Best approach for removing perfume smell from a closet?
August 14, 2021 8:42 PM   Subscribe

A closet in my apartment has a strong scent--like someone's cologne or aftershave or perfume, not just like laundry detergent or cleaning product. I want it to not smell like anything. What should I try?

We've been using it for storing boxes and stuff and I hadn't really noticed the smell, but now that it's been closed up for a long time it's pretty noticeable. We're rearranging the house in a way that heavily relies on having it available for hanging clothes in, and I don't want them to pick up the scent, and I don't want to sneeze every time I open the door. It's a rental. I'm very certain the scent is the closet itself and not anything I've stored in it. I do not like scents in general and don't want to cover it up with some other scent.

I'm tentatively thinking I should remove everything that's been stored in it, scrub the (old, painted drywall) walls and (hardwood) floor with... something? (seeking ideas on that), leave it open with the windows in the room left open to dry/air out, then maybe leave it closed up empty with a tray of baking soda in it for a while before using it for clothes, and keep a box of baking soda or an activated charcoal pouch in it when it's in use. Is this likely to work? Any other steps or products I should try?
posted by rivenwanderer to Home & Garden (11 answers total) 3 users marked this as a favorite
 
Kilz primer is used to cover and lock in other stinky things (smoke residue, urine stains and worse) and might work in this situation, if the cleaning you plan doesn't work out.
posted by slightlybewildered at 9:02 PM on August 14, 2021 [8 favorites]


TSP (technically TSP substitute is what’s available in the US) is used to clean walls before painting and worked well on my smoke scented staircase. Leaving a bowl of vinegar in the closet will help. I also used some of the odor killer products that are a gel in a plastic tub with a perforated lid, and those helped and the unscented ones were vaguely “fresh” smelling but not too bad and seemed to reduce the odor a bit longer term. If you can paint, that will help, too.
posted by momus_window at 9:06 PM on August 14, 2021 [2 favorites]


I have a few of those “rechargeable” charcoal bags and they seem to help a little.
posted by ThePinkSuperhero at 9:36 PM on August 14, 2021 [1 favorite]


Sometimes, something as simple as a mesh bag filled with charcoal briquettes (the type of charcoal used for grilling) will help absorb odors. It is cheap and easy.
posted by mightshould at 4:03 AM on August 15, 2021


Do you have a HEPA filter you could leave running in the closet for a while? I don't know how well it would work on a lingering perfume scent, but our HEPA filter works extremely well on cat litter box odors so it might be worth a shot, especially if you already have one.
posted by insectosaurus at 6:04 AM on August 15, 2021


I'm also here to suggest charcoal. It's also available as small pellets in stores that sell aquarium supplies, as it's used in the filters. It did seem to have it's own smell when I first poured it out into pans to neutralize the small of spoiled milk spilled on auto carpet, a really, really bad smell. Of course I cleaned the carpet but a sour smell lingered. I left then there for a few days with all the doors closed, and then removed them, left all the doors open for a couple of days and finally both the charcoal and milk smell went away.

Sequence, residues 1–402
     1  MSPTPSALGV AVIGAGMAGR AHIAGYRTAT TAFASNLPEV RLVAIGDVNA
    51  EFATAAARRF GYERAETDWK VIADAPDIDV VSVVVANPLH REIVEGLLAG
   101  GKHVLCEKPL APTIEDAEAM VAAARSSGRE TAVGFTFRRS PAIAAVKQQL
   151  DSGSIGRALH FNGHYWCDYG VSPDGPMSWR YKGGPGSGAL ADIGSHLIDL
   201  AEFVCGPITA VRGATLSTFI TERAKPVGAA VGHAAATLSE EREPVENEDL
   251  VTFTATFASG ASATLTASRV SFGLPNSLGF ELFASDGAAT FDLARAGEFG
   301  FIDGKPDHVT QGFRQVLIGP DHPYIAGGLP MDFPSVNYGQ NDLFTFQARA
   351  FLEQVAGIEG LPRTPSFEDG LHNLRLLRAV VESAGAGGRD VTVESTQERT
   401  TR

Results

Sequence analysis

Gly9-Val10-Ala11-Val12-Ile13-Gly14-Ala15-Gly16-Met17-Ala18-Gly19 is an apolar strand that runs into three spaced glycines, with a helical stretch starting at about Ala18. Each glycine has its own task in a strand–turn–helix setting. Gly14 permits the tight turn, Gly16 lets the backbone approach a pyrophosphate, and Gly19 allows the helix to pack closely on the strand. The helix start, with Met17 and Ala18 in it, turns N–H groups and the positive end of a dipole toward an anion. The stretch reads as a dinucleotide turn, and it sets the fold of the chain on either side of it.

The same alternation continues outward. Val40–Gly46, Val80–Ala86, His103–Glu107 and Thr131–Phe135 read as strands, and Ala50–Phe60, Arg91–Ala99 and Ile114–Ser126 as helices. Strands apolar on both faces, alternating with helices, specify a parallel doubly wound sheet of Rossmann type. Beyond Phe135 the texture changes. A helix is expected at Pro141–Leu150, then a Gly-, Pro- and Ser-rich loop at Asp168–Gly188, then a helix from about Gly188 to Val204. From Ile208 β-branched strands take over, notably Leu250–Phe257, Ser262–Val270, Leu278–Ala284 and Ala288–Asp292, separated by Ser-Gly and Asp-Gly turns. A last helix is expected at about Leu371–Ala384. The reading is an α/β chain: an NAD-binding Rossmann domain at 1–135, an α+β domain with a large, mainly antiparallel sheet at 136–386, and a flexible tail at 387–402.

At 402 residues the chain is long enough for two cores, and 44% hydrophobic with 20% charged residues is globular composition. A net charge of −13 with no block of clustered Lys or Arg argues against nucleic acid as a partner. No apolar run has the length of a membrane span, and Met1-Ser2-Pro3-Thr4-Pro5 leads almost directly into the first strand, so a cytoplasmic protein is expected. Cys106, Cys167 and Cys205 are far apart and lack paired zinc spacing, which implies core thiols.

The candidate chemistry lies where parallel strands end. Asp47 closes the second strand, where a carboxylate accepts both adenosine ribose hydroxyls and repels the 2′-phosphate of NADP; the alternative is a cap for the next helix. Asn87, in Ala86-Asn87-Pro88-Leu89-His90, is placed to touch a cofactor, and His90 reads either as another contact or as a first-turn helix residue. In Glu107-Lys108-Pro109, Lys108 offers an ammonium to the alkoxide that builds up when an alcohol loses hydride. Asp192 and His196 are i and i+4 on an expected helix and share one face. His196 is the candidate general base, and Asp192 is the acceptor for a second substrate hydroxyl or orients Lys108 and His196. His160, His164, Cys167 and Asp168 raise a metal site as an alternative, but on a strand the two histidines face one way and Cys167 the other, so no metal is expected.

Charcoal briquettes is another possibility but take care to use only briquettes that are not "self-lighting", since these have been treated with lighting fluid I believe. If you are near a whole foods I think they sell untreated briquettes.
posted by citygirl at 6:05 AM on August 15, 2021 [1 favorite]


Frebreeze
posted by Enid Lareg at 7:46 AM on August 15, 2021


Ozium can help actually get out bad smells. I used it when I left a pot on the stove for too long
posted by raccoon409 at 8:19 AM on August 15, 2021


Heat, first.

Get one of those little plugin ceramic cube heaters, empty the closet, place it in the center of the closet on a baking sheet, mostly close the closet door, and get it up to between 100 and 200 degrees fahrenheit.

Keep that high temperature for 12 hours, checking it regularly for safety. Do not leave it unattended.

Be prepared to ventilate the room the closet is in, as the odor of the closet will be much stronger as the heat cooks the volatiles out of the wood, wallboard

Turn off the heat, open the closet door, let it cool completely, and see if it is not improved. If an improvement is observed, repeat at intervals of about a month until no more improvement is apparent.

You might need a wooden board under the sheet pan if you have plastic floors, and you might have trouble if you have vinyl trim or other plastic parts in the closet. Use good judgement regarding plastics and composite materials, reducing your target temperature to accommodate their temperature sensitivity.
posted by the Real Dan at 11:49 AM on August 15, 2021


Best answer: Momus_window and slightlybewildered have a good series of action I think: TSP first, and then B.I.N. or Kilz if TSP doesn’t work.

You can still buy trisodium phosphate at the hardware store in many states and it works really well. Mask and gloves I guess (I guess I’ll know at some point how bad it was for me, a teenager in the 1980s, to mix this in a bucket using my bare hand, and then scrub the ring off the apartment pool every day).
posted by toodleydoodley at 11:55 AM on August 15, 2021


Best answer: I've had good luck with Zeolite odor absorber like this
posted by radioamy at 5:22 PM on August 16, 2021


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